By Steven Dam
“Failure Mode and Effects Analysis (FMEA) and Failure Modes, Effects and Criticality Analysis (FMECA) are methodologies designed to identify potential failure modes for a product or process, assess the risk associated with those failure modes, rank the issues in terms of importance, and identify and carry out corrective actions to address the most serious concerns.”
FMECA is a critical analysis required for ensuring the viability of a system during the operations and support phase of the lifecycle. A major part of FMECA is understanding the failure process and its impact on the operations of the system. Figures 1 and 2 below show an example of how to model a process to include the potential of failure. Duration attributes, Input/Output, Cost, and Resource entities can be added to this model and simulated to begin estimating metrics. In particular, you can use this with real data to understand the values of existing systems or derive the needs of the system (thresholds and objectives) by including this kind of analysis in the overall system modeling.
Figure 1: Vehicle Failure Response
Figure 2: Failure Modes Expanded
Step one is to build these Action Diagrams (for details on how to do this please reference the Functional Modeling white paper). We create a loop to periodically enable the decision on whether a failure occurs. The time between these decisions can be adjusted by the number of iterations of the loop and the duration of the “F.4 Continue Normal Operations” action.
We adjust the number of iterations by selecting the loop action (“F.1 Continue to operate vehicle?”) and pressing the </>Script button (see Figure 3). A dialog appears asking you to edit the action’s script. You can use the pull-down menu to select Loop Iterations, Custom Script, Probability (Loop), and Resource (Loop). In our case, we select “Loop Iterations.” The type in the number (we chose 200) is seen in Figure 4.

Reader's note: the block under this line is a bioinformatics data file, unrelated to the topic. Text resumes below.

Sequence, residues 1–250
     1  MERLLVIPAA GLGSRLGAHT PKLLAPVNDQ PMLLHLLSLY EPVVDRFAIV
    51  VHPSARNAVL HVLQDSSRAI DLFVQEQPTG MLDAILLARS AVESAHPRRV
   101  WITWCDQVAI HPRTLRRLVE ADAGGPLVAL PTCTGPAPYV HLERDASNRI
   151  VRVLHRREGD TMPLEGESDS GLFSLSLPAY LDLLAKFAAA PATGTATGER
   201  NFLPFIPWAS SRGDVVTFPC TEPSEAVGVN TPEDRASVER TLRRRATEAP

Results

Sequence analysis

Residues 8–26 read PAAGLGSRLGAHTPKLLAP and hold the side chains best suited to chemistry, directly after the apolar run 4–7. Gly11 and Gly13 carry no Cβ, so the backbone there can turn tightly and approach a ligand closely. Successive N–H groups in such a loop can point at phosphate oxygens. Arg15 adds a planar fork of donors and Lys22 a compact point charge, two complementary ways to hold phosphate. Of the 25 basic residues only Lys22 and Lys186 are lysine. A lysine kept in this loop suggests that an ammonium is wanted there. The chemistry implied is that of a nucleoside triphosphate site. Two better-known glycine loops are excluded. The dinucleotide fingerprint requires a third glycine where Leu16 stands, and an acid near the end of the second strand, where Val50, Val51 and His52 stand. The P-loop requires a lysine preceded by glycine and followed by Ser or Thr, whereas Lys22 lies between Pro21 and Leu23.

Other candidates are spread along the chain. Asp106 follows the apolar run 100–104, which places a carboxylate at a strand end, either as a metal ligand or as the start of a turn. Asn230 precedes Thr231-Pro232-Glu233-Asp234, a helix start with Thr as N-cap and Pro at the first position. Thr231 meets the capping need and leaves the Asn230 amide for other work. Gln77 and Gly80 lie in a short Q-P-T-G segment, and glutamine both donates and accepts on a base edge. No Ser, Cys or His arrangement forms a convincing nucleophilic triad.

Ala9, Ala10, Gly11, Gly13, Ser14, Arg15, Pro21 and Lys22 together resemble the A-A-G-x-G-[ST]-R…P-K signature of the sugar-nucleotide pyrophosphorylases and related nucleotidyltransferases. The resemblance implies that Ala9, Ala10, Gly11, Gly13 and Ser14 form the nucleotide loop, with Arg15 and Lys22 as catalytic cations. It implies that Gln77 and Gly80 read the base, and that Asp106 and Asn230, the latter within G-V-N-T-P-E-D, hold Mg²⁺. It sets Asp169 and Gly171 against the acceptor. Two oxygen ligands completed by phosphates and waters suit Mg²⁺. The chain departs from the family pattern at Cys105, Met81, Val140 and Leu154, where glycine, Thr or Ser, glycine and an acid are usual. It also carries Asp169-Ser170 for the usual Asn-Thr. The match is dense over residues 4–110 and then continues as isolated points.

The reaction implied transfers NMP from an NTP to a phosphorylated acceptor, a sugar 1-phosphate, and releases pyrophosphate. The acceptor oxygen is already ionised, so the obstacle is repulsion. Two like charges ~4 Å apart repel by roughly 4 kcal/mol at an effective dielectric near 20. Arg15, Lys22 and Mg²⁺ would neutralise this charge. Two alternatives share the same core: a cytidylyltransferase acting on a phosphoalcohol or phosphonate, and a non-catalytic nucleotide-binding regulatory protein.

Figure 3: Vehicle Failure Process in Innoslate
Figure 4: Loop Decision Point Script for 100 Iterations
We also want to change the duration of this action (F.1) and F.4, Continue Normal Operations. Since the loop decision is not a factor in this model, we can give it a nominally small time (1 minute as shown). For the “F.4 Continue Normal Operations,” we chose 100 hours, which when combined with the branch percentage of this path of 90%. This means that we have roughly 900 operating hours between failures, which is not unusual for a vehicle in a suburban environment. We could provide a more accurate estimate, including using a distribution for the normal operating hours.
Note that we mentioned the 90% branch probability. That comes from the script for the OR action (“F.2 Failure?”). That selection results in the dialog below.
Figure 5: OR Decision Point Probability Script Dialog
Now if we assume a failure occurs approximately 10% of the time, we can then determine the failure modes are probabilistic, and the paths need to be selected based on those probabilities. The second OR action (“F.3.1 Failure Mode?) shows three possible failure modes. We can add more by selecting F.3.1 and using the “+Add Branch” button. You can use this to add more branches to represent other failure modes, such as “Driver failure,” “Hit obstacle,” “Guidance System Loss,” etc.
Note to change the default names (Yes, No, Option) to the names of the failure modes, just click on the branch name and the name will appear on the sidebar, as in Figure 6. Just type in the name you prefer.